Prevention through Connection
November 2020

Beware of Black Wednesday

Sourced from MADD

Blackout Wednesday (also known as Black Wednesday, Drinksgiving, Thanksgiving Eve, Wacky Wednesday, or Whiskey Wednesday) is a term for the night before Thanksgiving in the United States. The name refers to “blacking out”, which does not mean you pass out. The term “black out” refers to memory loss due to excessive alcohol intoxication.

MADD warns that with alcohol flowing freely and easily at home, stocked liquor cabinets, and parents getting ready for the holiday season, it is less obvious when liquor bottles are missing.

Tragically, Wednesday night before Thanksgiving - a bigger party night than prom, graduation night, St. Patrick's Day, or New Year's Eve - is one of the most fatal and worst drunk driving nights of the year. Police increase patrols checking for drunk driving in many jurisdictions.

It is one of the deadliest nights of the year for teenagers, but they are not the only ones drinking. MADD reports that the Thanksgiving holiday produces more people killed in drunk driving crashes than the Christmas holiday.

Facts to know:

  • Alcohol use by those under the age of 21 is not a rite of passage.

  • It is dangerous. It is deadly.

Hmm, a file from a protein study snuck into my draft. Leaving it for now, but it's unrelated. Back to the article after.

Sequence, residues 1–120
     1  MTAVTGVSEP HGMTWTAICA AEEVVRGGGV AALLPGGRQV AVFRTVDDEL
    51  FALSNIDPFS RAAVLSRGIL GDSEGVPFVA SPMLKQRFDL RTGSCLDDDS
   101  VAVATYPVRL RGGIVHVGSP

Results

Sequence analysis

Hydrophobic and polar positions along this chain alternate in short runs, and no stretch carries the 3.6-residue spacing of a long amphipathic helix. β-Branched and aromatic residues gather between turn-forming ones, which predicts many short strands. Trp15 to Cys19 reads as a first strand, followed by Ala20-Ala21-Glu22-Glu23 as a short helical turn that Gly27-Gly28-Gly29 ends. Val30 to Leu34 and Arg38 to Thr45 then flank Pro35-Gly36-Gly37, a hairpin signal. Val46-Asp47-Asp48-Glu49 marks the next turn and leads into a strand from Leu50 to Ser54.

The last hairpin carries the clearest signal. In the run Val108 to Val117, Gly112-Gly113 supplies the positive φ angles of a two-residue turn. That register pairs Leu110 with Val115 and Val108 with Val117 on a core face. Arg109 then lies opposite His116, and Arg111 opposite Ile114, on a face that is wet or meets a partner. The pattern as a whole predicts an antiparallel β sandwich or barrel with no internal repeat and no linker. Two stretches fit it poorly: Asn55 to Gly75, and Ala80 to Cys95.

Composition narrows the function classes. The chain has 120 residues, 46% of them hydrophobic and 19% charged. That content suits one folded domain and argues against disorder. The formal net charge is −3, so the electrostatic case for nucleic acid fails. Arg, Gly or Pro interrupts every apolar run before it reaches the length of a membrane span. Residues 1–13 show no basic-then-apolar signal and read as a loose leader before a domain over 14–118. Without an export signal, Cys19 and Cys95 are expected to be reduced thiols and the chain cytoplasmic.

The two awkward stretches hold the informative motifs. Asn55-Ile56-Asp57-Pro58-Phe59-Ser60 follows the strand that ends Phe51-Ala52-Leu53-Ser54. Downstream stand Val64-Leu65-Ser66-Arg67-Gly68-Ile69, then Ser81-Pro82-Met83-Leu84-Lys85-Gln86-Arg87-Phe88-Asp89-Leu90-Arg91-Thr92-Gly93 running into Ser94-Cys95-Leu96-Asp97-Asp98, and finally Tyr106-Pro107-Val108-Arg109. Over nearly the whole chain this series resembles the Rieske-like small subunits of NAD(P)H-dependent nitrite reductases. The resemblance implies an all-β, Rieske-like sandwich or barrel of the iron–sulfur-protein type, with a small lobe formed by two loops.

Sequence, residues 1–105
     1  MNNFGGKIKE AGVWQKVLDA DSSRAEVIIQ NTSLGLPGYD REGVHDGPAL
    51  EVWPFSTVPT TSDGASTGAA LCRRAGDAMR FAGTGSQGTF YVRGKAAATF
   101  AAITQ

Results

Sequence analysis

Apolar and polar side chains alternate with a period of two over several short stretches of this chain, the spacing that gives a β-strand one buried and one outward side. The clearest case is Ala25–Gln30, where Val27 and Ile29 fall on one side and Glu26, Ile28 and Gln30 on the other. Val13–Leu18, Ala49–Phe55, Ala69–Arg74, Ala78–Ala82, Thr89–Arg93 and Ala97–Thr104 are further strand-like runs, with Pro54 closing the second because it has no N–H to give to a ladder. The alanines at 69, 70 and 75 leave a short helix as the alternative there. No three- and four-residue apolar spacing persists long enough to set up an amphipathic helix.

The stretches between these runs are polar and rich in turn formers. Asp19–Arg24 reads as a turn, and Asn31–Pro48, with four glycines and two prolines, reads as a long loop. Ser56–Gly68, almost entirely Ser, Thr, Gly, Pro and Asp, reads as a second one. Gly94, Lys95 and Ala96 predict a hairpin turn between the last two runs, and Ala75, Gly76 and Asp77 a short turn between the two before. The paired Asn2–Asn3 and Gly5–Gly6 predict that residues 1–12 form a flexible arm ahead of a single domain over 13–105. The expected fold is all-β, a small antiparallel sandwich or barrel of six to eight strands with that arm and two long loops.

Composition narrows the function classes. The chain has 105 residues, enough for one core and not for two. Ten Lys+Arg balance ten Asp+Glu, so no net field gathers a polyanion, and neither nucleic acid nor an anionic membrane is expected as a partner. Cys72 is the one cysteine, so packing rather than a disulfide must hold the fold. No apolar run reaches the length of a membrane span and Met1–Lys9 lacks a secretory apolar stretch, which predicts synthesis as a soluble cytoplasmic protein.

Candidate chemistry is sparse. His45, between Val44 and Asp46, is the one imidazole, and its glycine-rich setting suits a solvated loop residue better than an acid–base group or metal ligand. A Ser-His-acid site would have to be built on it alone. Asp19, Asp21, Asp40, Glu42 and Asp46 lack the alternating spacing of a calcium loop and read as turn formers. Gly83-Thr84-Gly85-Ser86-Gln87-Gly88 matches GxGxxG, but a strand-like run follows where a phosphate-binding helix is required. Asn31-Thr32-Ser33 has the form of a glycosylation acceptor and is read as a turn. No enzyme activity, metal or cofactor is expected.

• It can set kids up for a lifetime of negative consequences.
Keeping Your Kids Safe
Kids are influenced by so many of their surroundings - friends, teachers, celebrities, pop culture - yet parents are the leading influence on their kids’ decisions to drink - or not to drink - alcohol.

Over the last 10 years, 62 percent more kids reported talking with their parents about underage drinking, as well as with educators, counselors, and other practitioners. Conversations around alcohol should start when kids begin asking questions, like “Mommy, what is that? Can I have sip?” leading into middle school when kids become even more curious about alcohol and how their bodies work.

When conversations about alcohol between children and parents increase, the underage drinking rate decreases. With information coming at kids from all angles and devices, it is critical that parents not only start conversations early and often, but that they continue as kids grow—the topics and complexity of these discussions grow as well.

We want families to talk early, talk often, and be healthy.
In order to help parents prepare for these important conversations the Substance Abuse and Mental Health Services Administration (SAMHSA )created the “Talk. They Hear You.” mobile app. The app features simulations that help parents learn the do’s and don’ts of talking to kids about alcohol and drug use. The app helps parents learn the questions to ask and share ideas on how to keep the conversation going.

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